Thermomechanical Anisotropy of Bulk Metallic Glasses Induced by Elasto-static Loading for Prolonged Time at Room Temperature - A Case Study of Cu50Hf41.5Al8.5 Bulk Metallic Glass

Date of Completion

January 2011


Engineering, Materials Science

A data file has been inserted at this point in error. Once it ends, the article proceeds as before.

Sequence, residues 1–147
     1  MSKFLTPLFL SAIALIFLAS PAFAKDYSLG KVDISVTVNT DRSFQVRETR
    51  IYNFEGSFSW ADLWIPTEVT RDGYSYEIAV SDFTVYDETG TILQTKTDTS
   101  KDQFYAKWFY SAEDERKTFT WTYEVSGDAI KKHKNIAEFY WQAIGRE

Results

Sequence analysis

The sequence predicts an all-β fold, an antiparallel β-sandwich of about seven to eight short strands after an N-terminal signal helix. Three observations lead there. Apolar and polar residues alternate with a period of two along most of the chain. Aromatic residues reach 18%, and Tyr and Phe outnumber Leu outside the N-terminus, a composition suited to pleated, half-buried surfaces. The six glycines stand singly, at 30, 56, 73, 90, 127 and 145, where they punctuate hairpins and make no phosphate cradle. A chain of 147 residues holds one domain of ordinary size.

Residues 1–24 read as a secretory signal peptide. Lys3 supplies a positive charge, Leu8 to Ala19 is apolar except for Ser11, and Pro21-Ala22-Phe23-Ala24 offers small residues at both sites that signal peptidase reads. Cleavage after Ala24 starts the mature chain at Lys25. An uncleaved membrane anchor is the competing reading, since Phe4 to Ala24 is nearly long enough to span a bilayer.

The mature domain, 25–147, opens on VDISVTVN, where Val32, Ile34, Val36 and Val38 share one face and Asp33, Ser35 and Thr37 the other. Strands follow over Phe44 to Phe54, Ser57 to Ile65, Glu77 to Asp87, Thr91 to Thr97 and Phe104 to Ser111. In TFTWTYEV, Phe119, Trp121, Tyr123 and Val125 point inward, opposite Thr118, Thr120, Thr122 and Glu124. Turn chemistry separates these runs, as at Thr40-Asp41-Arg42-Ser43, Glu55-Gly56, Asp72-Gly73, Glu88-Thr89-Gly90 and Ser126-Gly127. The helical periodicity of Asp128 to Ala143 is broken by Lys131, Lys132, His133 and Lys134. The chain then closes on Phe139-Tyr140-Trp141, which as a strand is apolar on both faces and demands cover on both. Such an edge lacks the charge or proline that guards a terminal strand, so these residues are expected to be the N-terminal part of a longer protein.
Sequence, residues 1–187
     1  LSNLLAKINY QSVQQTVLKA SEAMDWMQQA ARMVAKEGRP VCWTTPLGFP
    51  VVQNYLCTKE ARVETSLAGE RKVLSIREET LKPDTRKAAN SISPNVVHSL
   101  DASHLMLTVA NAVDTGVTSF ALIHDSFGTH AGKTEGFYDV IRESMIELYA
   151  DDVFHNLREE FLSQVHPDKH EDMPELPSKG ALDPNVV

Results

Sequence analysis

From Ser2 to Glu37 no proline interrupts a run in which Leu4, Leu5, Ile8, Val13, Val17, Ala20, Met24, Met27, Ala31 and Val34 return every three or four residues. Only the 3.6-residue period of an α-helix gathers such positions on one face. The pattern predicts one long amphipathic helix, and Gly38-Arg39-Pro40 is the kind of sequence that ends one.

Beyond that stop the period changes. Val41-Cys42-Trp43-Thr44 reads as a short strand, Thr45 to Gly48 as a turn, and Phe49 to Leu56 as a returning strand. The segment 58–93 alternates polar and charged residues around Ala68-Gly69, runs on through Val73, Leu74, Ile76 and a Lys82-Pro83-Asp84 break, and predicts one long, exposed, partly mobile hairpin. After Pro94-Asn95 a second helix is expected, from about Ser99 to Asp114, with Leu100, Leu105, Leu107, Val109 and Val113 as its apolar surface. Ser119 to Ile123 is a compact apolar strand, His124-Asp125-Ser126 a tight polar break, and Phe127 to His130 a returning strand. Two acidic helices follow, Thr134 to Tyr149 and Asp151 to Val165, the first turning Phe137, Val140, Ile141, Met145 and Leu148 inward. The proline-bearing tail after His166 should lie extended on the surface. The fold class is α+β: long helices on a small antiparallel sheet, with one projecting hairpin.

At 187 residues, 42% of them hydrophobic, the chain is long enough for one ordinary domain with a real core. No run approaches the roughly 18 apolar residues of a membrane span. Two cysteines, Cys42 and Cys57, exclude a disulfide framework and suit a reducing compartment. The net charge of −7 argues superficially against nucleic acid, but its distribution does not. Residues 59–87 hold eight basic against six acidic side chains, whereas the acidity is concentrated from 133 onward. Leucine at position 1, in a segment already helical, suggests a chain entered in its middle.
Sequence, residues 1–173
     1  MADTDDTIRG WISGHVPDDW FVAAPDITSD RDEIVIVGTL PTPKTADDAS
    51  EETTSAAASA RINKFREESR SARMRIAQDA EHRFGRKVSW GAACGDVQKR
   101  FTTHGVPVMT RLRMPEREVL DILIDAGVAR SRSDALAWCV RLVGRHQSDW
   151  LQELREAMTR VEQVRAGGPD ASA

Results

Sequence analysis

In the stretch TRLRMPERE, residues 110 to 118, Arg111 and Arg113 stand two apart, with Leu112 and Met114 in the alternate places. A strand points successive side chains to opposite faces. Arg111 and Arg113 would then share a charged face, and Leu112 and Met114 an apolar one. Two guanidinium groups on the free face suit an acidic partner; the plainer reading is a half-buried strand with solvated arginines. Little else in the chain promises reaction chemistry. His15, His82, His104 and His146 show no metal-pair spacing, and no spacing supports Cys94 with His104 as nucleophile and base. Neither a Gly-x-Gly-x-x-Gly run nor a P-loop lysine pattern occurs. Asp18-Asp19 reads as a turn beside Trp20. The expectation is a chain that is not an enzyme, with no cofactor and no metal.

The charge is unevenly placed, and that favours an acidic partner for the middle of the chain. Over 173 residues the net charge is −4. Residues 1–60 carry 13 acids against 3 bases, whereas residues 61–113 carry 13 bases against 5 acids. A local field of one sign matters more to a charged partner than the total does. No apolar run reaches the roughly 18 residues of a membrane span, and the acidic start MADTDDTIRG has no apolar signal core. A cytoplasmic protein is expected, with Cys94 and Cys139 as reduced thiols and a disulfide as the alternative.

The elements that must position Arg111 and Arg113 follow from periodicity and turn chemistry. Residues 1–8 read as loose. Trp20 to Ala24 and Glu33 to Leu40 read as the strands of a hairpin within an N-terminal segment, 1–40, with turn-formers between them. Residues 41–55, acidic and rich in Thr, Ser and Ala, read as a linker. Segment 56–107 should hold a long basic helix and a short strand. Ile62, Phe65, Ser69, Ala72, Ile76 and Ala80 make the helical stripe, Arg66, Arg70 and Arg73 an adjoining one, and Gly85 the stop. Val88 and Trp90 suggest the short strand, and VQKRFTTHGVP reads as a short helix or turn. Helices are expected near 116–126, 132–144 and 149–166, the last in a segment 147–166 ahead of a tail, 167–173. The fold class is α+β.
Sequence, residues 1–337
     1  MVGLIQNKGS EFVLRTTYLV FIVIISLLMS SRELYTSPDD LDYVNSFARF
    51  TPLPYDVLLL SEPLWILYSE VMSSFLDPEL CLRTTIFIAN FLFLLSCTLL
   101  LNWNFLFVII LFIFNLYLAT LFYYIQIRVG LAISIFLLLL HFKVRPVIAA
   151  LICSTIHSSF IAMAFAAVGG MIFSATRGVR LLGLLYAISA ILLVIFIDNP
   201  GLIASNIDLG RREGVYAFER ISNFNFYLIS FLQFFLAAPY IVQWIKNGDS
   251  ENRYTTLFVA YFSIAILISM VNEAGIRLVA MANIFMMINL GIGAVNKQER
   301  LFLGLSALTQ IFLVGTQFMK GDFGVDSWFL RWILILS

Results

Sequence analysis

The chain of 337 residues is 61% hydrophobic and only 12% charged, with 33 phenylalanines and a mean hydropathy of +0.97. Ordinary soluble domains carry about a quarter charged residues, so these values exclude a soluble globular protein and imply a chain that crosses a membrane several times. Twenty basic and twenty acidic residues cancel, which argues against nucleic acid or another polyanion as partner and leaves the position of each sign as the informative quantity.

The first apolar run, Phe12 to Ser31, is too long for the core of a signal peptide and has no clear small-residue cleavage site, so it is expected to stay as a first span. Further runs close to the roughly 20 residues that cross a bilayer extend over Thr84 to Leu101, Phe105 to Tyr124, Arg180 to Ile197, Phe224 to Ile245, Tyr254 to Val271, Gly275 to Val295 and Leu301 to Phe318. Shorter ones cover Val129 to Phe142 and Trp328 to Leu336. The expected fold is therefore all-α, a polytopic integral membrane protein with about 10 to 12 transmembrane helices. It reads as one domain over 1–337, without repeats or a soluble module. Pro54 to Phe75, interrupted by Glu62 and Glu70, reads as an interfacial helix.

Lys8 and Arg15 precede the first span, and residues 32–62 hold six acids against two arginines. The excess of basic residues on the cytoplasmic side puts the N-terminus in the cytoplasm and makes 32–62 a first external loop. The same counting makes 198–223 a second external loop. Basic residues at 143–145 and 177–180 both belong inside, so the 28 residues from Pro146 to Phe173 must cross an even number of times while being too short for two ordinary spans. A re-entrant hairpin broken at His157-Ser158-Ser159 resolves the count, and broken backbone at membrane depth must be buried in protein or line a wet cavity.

Bulk metallic glasses exhibit potential applications as structural and functional materials due to their excellent mechanical properties, high wear resistance, good corrosion resistance for many glassy alloys, and promising magnetic properties. Most existing and potential applications of metallic glasses entail elastic deformation—either in a cyclic manner or in a quasi-static mode. Recent reports have indicated that sustained elastic deformation of metallic glasses could improve their ductility. This rather unexpected result was explained with the free volume concept, but it is unclear if the free volume theory is adequate for capturing the effects of static elastic loading on metallic glasses. The dissertation centers on static elastic compression of a Cu50Hf41.5Al8.5 model bulk metallic glass. The objectives are to test if the free volume theory is useful in describing the elasto-static compression experiments; secondly, to test the hypothesis that the elastostatic compression induces anisotropy of thermomechanical properties. Bulk metallic Cu50Hf41.5Al8.5 glass samples were synthesized using suction casting and then uniaxially compressed at stresses between 60 % and 82 % of the yield stress for prolonged times. Results were analyzed mainly with thermomechanical analysis and modulated thermomechanical analysis in different sample directions. Thermomechanical polarization, i.e., an anisotropy in the thermomechanical behavior was observed after at least 20–25 hrs of loading at 60 % of the yield strength. With an increase in the compressive stress from 650 MPa to 812 MPa or 82 % of the yield strength, permanent deformation can be induced. The thermomechanical measurement results are discussed in light of an activation energy spectrum model. A decrease was determined in energy (0.057 eV/atom) in the loading direction and an increase in energy (0.037 eV/atom) in the direction perpendicular to the loading direction. These changes are interpreted as a coupling of the applied stress with defects in the metallic glass that emulates secondary-relaxation. The dissertation provides a basis for understanding configurational changes in metallic glasses during elasto-static compression. A main outcome of this dissertation is that the notion of elastic deformation of metallic glasses has to be modified. This finding should be highly relevant for applications of metallic glasses for springs or microparts. ^